Implications of hourly variations
At UCSF, the study found, hospitalists’ average daily census peaked at 11 a.m. and was the lowest at 7 p.m., with an average delta between those two times of 9.1 patients. (The study recommends that institutions track census between 7 a.m. and 11 a.m. to find the time when it’s highest.) Meanwhile, admission rates surged in the afternoon and evening, peaking at 9 p.m., while discharge rates were highest during daytime hours and peaked at 4 p.m.
Tracking such variations is key, says Dr. Pierce, to make the case to administrators for either more staffing or for changing shift times to better match staffing to actual workload. After all, funding for many hospitalist programs, including his own, is based on average daily census.
“Our funding comes from our health system, not directly from billing for the care we provide, and I think that’s relatively common for hospital medicine groups,” he says. “Measuring your average daily census is very important because there are hard cutoffs for when you might open a new team.”
Based on the results he and his team found, UCSF approved funding for an additional dedicated admitter during the afternoon. (While UCSF always maintains dedicated hospitalist admitters, only one or two may be on during slower portions of the day, ramping up to three or four during the busiest.) That additional admitter now works an eight-hour shift from 2 p.m. to 10 p.m., allowing the other day hospitalists to concentrate on discharges.
While that’s the one change UCSF has made, Dr. Pierce points out that other groups might use such an analysis to beef up or change their jeopardy systems and potentially increase their number of doctors on-call.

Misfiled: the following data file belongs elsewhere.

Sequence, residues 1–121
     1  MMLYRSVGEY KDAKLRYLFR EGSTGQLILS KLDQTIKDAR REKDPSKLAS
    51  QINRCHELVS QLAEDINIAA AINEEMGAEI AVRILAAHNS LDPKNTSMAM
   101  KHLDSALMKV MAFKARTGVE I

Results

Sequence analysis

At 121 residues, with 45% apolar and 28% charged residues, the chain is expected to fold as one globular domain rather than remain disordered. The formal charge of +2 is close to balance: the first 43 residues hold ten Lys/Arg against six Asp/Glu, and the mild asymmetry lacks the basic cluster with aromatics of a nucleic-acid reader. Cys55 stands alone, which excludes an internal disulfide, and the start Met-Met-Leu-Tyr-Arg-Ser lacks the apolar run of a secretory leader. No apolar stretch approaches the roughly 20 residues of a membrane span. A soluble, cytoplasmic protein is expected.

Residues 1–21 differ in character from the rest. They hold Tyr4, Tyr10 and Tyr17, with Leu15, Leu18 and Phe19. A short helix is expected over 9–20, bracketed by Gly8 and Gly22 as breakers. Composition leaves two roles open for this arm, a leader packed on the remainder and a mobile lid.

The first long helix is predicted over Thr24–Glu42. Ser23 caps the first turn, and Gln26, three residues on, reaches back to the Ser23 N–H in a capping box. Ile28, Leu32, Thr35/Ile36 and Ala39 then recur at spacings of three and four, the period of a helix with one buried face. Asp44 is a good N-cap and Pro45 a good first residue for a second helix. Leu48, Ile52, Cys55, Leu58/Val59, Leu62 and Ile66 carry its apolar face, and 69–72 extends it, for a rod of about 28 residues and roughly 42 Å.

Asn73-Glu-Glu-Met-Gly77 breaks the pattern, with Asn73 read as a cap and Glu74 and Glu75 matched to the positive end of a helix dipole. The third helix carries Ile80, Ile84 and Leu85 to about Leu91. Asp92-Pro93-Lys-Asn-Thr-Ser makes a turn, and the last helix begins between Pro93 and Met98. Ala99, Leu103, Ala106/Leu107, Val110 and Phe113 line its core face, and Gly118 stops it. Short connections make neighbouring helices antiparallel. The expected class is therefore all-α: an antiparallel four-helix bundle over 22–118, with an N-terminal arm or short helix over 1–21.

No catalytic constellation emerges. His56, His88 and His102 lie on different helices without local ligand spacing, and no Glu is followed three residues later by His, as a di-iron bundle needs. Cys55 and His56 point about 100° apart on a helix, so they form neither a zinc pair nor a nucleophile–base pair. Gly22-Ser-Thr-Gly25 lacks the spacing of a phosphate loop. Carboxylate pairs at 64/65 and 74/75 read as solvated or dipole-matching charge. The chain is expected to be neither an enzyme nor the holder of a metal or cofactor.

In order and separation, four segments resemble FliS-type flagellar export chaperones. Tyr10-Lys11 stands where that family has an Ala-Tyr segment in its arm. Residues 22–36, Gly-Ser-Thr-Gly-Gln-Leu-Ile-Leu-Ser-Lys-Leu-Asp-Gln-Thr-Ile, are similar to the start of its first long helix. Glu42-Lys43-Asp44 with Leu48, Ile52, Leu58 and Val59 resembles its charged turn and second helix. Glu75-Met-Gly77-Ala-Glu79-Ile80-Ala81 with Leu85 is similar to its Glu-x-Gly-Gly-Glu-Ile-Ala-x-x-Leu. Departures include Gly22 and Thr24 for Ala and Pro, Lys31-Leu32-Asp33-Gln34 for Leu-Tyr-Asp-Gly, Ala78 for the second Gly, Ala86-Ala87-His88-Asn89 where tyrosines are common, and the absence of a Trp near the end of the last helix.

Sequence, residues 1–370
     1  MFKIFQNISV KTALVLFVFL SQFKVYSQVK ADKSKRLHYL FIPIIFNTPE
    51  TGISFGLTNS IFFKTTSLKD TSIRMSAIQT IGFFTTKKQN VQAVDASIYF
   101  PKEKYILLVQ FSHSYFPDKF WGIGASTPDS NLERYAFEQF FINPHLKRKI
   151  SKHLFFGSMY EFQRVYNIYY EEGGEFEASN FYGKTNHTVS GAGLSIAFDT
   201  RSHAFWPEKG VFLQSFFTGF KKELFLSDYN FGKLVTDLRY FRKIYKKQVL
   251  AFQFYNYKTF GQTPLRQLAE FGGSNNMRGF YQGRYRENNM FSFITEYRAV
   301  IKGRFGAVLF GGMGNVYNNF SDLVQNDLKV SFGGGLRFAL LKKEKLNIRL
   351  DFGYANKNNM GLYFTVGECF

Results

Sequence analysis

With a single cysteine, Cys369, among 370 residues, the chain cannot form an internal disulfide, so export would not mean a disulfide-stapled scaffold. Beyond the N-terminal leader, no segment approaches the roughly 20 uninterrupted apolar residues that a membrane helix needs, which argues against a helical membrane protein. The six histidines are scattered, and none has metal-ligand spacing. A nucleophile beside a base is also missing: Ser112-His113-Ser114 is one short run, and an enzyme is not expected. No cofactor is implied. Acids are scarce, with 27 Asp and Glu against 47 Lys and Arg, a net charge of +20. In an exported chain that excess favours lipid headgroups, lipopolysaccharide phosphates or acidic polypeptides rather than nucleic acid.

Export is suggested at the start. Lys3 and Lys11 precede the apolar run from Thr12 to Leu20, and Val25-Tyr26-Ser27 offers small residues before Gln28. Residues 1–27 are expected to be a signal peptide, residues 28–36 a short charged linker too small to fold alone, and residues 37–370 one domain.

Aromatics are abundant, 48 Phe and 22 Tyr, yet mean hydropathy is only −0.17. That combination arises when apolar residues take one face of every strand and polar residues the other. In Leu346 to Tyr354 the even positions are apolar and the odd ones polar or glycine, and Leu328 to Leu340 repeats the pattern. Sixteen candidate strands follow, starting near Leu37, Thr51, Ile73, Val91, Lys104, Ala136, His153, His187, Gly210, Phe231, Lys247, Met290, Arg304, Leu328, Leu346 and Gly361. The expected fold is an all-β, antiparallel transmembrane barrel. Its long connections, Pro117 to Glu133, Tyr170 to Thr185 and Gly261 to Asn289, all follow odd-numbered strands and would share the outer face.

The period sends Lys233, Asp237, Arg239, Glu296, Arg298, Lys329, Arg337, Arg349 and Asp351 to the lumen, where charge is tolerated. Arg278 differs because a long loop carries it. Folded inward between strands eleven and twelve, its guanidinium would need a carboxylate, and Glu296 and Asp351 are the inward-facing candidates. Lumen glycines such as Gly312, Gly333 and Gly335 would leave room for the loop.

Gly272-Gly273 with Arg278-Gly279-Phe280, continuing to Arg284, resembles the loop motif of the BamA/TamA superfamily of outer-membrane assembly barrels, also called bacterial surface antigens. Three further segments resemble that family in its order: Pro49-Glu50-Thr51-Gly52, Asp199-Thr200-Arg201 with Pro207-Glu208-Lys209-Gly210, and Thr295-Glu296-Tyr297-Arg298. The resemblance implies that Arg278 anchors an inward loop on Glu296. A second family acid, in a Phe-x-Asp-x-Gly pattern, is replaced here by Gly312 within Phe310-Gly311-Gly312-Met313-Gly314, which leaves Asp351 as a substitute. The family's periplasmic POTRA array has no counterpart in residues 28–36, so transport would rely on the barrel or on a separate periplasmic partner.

Another possible change to consider: linking census variations to the shifts of case managers and social workers to better facilitate discharges.
“If discharges don’t really start happening until 11 a.m. and peak at 4 p.m., it doesn’t make sense to have case managers in-house from 8 a.m. until 3 p.m.,” Dr. Pierce points out. “You could target shift resources to when discharges are happening, which isn’t necessarily the normal 9-to-5 workday.”
Weekday and seasonal changes
The research also revealed seasonal variations that will come as no surprise to hospitalists, falling to a low during late spring and early summer and spiking in early winter.
As for census variations over the days of the week, “the biggest difference was a delta of six patients between Saturday and Tuesday,” says Dr. Pierce. “That’s probably driven by a falloff in the number of surgeries and by patients not being sent to the hospital from PCPs.”
He also notes that surgeons have historically had a much better handle on their own census variations to provide tighter OR management, and they have long relied on dynamic staffing. He also points out that surgical schedules are more predictable than hospitalist workloads.
Dr. Pierce recommends that other institutions, as well as specific service lines within them, run the same analysis to see how their census changes over the course of a day.
“If I was in another faculty—cardiology, say, or emergency medicine—I would probably do this same study,” he says. “Census peaks and troughs for other services during the day are probably different than ours.”
Phyllis Maguire is Executive Editor of Today’s Hospitalist.